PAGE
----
The Tansy Bitters is a two-masted schooner, roughly sixty-feet in length, doubtlessly built to draw no more than three feet of water with a centerboard which could be dropped in deep water to slow the boat’s slip to leeward and speed its forward speed. The packets carried the mail, newspapers, freight, and spare spars and rigging for the whaling ships that still outfitted at Nantucket as its harbor shoaled over with a shifting sandbar that spelled its eventual eclipse by New Bedford.

With names like Forrester, Rail Road, Mary Ann and the Charles Everson, the first packet sloops were probably built at Job Handy’s shipyard at Little River. The Phinney family of Cotuit Port were the most active in the packet trade, with some unknown Phinney’s captaining both of the New Bedford-Nantucket steam packets in the earl7 1840s and two Phinney captains sailing packets during the same years.

Finding plans of a packet sloop is proving to be a challenge, but not that surprising one given most 19th century shipwrights to work from a carved half-model of the hull and the seat of their pants. Howard Chapelle, the maritime historian who did so much to preserve 19th century ship and boat design, draws a distinction between the trans-Atlantic packets that carried passengers between England and New England or New York, and the coastal packets that served routes such as Boston to New York or Cotuit to Nantucket. The trans-Atlantic packets were full-sized ships: often rigged as brigs, brigantines, hermaphrodites, or snows with a fore-and-aft rigged mizzen and a square rig forward. The coastal packets on Cape Cod were single-masted sloops. Chappelle writes in The History of American Sailing Ships:

“In addition to the sea-going sloops, built more or less on the sharp model, there were also a number of packet-sloops which ran along the coast, carrying passengers and light freight. These were often fast craft, built on a good model and heavily sparred…The introduction of the centerboard increased the usefulness and popularity of the shoal-draft sloop at a time when the sea-going and coasting sloops had lost favor…When the centerboard was introduced into these sloops they improved in weatherliness and speed.”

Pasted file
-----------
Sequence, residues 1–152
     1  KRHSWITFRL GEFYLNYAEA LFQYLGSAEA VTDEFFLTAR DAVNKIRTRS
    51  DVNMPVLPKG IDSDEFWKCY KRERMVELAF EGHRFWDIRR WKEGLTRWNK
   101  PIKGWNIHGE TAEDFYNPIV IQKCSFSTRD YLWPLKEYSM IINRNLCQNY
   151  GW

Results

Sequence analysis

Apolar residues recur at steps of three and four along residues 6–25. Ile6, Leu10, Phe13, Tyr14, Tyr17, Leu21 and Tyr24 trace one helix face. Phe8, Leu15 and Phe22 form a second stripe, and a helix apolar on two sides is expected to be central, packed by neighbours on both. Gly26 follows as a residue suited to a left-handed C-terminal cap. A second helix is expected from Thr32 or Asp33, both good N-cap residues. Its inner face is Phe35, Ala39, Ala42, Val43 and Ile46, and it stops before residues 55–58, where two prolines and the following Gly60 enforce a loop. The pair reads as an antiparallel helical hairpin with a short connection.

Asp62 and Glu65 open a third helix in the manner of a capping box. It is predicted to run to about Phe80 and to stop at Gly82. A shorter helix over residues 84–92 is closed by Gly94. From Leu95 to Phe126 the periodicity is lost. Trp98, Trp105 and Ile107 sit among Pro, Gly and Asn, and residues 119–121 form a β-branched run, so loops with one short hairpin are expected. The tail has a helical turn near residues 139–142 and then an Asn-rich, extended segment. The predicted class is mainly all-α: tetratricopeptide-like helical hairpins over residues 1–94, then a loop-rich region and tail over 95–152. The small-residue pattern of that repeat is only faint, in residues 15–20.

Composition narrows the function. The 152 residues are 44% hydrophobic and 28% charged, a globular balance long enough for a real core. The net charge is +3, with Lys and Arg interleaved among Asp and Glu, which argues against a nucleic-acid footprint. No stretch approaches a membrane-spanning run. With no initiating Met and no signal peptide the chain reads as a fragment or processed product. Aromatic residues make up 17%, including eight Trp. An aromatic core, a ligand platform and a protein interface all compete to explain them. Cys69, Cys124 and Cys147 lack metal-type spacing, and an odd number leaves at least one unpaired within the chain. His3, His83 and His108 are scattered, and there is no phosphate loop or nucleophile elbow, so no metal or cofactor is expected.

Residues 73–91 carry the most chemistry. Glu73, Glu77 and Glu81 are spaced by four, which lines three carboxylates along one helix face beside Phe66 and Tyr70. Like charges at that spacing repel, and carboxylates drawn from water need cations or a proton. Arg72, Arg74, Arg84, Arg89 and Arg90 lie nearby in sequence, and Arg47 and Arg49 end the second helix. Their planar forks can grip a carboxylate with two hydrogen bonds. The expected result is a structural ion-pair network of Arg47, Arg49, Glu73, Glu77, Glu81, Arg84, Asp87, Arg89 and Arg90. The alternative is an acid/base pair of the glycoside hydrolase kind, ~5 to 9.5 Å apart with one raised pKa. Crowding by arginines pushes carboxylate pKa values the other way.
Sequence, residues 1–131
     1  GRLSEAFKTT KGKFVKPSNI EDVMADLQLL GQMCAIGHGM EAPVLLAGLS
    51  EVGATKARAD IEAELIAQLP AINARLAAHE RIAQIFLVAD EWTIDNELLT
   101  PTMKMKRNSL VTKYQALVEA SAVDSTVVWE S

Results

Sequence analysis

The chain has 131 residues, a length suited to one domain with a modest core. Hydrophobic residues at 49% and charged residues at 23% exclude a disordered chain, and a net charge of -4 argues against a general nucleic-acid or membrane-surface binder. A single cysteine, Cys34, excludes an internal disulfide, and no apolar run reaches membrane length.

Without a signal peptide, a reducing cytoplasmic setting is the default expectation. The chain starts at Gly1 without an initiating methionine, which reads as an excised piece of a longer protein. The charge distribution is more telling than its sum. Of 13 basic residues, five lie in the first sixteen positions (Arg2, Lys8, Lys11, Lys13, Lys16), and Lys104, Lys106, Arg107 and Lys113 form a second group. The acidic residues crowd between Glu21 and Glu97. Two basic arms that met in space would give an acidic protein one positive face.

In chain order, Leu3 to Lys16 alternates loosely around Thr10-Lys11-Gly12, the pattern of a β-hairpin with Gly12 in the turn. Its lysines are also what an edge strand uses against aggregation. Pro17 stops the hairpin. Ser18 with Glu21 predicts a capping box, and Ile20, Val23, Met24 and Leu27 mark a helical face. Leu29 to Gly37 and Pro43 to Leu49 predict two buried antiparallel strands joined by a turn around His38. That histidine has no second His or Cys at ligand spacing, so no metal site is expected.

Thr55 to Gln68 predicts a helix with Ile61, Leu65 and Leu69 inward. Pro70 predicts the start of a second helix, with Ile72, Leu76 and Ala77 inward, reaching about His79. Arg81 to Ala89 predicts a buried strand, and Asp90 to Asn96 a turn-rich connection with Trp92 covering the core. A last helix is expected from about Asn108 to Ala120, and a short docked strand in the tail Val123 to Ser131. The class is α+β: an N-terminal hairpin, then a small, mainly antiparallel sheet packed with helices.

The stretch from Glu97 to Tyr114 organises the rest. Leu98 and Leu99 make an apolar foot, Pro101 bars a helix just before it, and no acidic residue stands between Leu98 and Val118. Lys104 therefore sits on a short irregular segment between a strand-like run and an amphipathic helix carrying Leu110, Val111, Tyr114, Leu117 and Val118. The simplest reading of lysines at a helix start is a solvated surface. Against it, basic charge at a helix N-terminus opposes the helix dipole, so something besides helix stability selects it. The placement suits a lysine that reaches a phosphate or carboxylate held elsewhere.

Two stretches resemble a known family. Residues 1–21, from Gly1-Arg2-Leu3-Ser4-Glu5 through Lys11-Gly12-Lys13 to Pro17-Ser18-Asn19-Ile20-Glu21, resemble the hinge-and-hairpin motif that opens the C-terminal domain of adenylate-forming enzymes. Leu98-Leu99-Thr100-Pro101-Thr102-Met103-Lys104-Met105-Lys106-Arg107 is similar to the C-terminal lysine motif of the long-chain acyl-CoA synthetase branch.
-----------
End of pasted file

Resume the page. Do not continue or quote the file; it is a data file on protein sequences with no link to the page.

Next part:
Howard Chapelle, The History of American Sailing Ships, p.299

Chapelle noted that the coastal sloop survived the longest on Cape Cod and the New England coast, “Here, also, the sea-going sloops used in off-shore fisheries existed the longest. The stone, ice, and cord-wood trades were, until a comparatively recent time*, carried on almost entirely in sloops, as was much of the shore-fisheries.”

From the Barnstable Patriot – 1837

*: Chapelle was writing in the early 1930s.

Cotuit Skiff plans and specifications

I noticed a bolus of traffic last week and traced the sudden interest in this blog to a thread on the WoodenBoat Magazine forum recommending an old post I wrote about my grandfather’s boat shop. I did a search on my last name and found a few threads where members of the forum were seeking a set of plans for a Cotuit Skiff — the 14-foot, gaff-rigged one-design flatiron skiff designed over 100 years ago by Cotuit boatbuilder Stanley Butler.

Having a digital copy of the Edwin Mairs plans — the set of offsets and lines created at the request of the Cotuit Mosquito Yacht Club that was tired of having to calculate each boat’s handicap when determining the correct-time winner of its summer races.

The page with links to the plans and the official specifications from the Cotuit Skiff Class Association can be found here: